After many years of following a deep passion for creating awesome sound with a true love of listening to great musicians on the best equipment I could find, I came to realize that we’re all on an industry-driven technology ride.
If you look back at the past 50 years of the professional and consumer audio industry, you’ll
see directions change with the development of new technologies. One might perceive these emerging technical changes as advancements, but in many cases, they were developed with the sole goal of cutting costs or simplifying manufacturing. These often translate into more competitive pricing, but they come with big unspoken tradeoffs in sound quality.
Every truly great guitar player knows that tonal quality is as much the goal as technique and execution.
I could write volumes of detailed accounts chronicling the changes and reasons, but what matters to the Musician and the Listener is actually organic in nature. For instance, an electric guitar that has a solid mahogany body with an oil-rubbed finish has a much different tonal characteristic of the same shaped guitar made from maple with a high-gloss painted finish. These differences are easily heard.
Every truly great guitar player knows that tonal quality is as much the goal as technique and execution. In this increasingly digital world of electronics, achieving an ideal tone is more elusive than ever.
The solution should be simple and the power of simple cannot be stressed enough. The key to a true audiophile listening experience is using the simplest high quality circuit possible as it yields wonderful dynamic sound with an expansive three-dimensional sound stage. Every additional digital or analog feature takes just a little more life out of the program material.
If you’re an electric guitar player and find yourself wishing for something more organically dynamic and tonally alluring, try looking at simple things
My personal quest for that ideal seductive sound has lead me through more digital and solid-state devices than I want to admit. I had an eye-opening revelation when I discovered the subtle differences of using different tubes for different moods. I also realized that there are huge swings of overkill that happen when one applies a new effects pedal or device that often takes you further away from the ideal tone you’re seeking.
If you’re an electric guitar player and find yourself wishing for something more organically dynamic and tonally alluring, try looking at simple things like the brand and gauge of strings you use. Differing metal compounds and heavier string weights can add tons of tone, bite and depth to your sound.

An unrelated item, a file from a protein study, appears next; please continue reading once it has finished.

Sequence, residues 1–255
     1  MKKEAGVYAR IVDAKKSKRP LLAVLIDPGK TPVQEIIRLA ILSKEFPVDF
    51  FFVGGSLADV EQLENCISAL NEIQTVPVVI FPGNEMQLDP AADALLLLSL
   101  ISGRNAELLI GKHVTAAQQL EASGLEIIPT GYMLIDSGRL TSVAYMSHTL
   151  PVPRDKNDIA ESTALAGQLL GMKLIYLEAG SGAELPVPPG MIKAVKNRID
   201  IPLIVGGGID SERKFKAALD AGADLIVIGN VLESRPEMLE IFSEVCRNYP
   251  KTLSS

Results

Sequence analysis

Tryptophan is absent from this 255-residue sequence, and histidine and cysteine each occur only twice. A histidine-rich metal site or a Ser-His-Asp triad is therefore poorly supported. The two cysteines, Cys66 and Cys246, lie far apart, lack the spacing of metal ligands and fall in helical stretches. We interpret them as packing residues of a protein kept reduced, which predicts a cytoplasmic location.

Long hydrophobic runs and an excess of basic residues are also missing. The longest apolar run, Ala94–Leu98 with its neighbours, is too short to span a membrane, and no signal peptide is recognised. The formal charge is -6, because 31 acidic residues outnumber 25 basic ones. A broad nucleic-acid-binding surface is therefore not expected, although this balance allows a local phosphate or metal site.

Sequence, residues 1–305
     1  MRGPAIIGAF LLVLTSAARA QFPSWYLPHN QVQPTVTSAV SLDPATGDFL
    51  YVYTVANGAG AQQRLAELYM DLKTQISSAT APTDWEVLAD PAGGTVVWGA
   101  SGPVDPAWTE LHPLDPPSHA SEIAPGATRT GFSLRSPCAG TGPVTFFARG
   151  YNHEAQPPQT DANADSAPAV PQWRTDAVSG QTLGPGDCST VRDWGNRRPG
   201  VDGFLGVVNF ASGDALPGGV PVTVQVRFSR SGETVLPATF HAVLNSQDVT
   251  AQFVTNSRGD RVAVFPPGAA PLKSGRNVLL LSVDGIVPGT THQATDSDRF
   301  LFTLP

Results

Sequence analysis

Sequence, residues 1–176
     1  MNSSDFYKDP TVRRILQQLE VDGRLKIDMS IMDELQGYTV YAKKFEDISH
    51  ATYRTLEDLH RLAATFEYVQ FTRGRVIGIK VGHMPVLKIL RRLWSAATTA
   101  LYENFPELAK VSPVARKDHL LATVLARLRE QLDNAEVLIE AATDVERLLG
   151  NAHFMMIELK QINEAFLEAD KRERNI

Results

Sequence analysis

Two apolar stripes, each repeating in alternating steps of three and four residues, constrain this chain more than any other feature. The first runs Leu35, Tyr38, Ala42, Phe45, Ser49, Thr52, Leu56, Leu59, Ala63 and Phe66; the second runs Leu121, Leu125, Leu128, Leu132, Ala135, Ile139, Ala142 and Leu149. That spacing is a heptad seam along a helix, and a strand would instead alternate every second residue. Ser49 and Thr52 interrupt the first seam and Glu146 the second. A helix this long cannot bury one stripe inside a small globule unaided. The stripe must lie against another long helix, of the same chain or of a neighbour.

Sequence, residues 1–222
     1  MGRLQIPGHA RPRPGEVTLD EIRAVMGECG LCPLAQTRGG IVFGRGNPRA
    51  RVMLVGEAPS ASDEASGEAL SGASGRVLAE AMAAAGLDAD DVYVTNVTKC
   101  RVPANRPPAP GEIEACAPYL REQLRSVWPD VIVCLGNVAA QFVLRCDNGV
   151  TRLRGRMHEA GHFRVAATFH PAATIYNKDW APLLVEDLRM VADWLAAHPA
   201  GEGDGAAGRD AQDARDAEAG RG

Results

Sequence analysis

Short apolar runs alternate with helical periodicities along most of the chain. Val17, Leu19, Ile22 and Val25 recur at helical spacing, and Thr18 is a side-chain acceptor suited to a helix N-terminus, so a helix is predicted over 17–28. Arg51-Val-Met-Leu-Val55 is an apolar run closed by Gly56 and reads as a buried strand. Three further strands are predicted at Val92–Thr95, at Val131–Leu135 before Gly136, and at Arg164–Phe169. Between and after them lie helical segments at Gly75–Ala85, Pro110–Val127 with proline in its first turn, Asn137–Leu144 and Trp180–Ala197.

Another option is to look at is the type of amplification you use. First and foremost, the solid-state transistor amplifier has to go. Virtually all respectable guitar amplifier makers utilize electron tubes for amplification because the complex tonal characteristics simply can’t be created by solid-state means.
The tube guitar and bass amplifier manufacturing options are probably greater now than ever. Mesa Boogie, Fender, Carr Amplifiers, Hughes & Kettner and Orange Music are popular choices. There are also many small companies that offer purely tube guitar amplifiers with great tone like Zuecher amps. The choice of tubes used in an amplifier determines its organic tone quality, character, durability and consistency of tone.
Prior to connecting signal processing and effects, look at the first stage tubes in your amplifier. Also known as preamp tubes. These tubes determine most of the tonal flavor a tube amplifier. These first stage tubes are usually designated as 12AX7, ECC83, 12AT7, 12AU7 or 6922.
The most common power tubes are 6L6, KT66, 6V6, EL34, EL84, KT88 and KT90. Although upgrades and changes of the standard power tubes play a role in the organic sound and touch of an amplifier, it’s the first stage that determines most of the tone and drive properties.
Most amplifier companies equip their amplifiers with standard or generic tubes, usually JJ tubes from Slovakia, Groove tubes from Russia, which are also Electro Harmonix and various Chinese tubes. Most of these tubes are tested from bulk purchases as either good or bad, and then used or sold as replacements.
Wathen Audiophile has CryoTone tubes. Wathen understood that the Audiophile listeners were buying up all of the remaining NOS (New Old Stock) tubes that have exceptional organic sound. With that in mind, Wathen developed a carefully selected collection from all of the current tube manufacturers of virtually all of the available tube types. The difference is Wathen only purchase tubes that laboratory test within the higher percentage of good tubes and then supplies those results with each serialized tube.
Remember that a little effect goes a long way and it’s very easy to go too far.
Every Wathen CryoTone tube then undergoes an extreme proprietary Cryogenic treatment process that changes the molecular structure of the metals within the each tube. Those molecular changes normalize bend stresses, inconsistencies and welds in the tube. The end results are tubes that have an exceptional organic sound, extended tube life, and consistent tonal quality from tube to tube.
After achieving what you consider to be the ideal organic tone from your tube amp, record the amp’s settings and then start to experiment with your desired effects, making notes on those settings as well. Remember that a little effect goes a long way and it’s very easy to go too far.
Consider this; the Stradivarius violin is priceless because the complex sweet organic sound is undeniable to the human ear. Your ideal tone is likewise priceless and its sweet complex organic qualities stem from the guitar and its amplification, not your effects.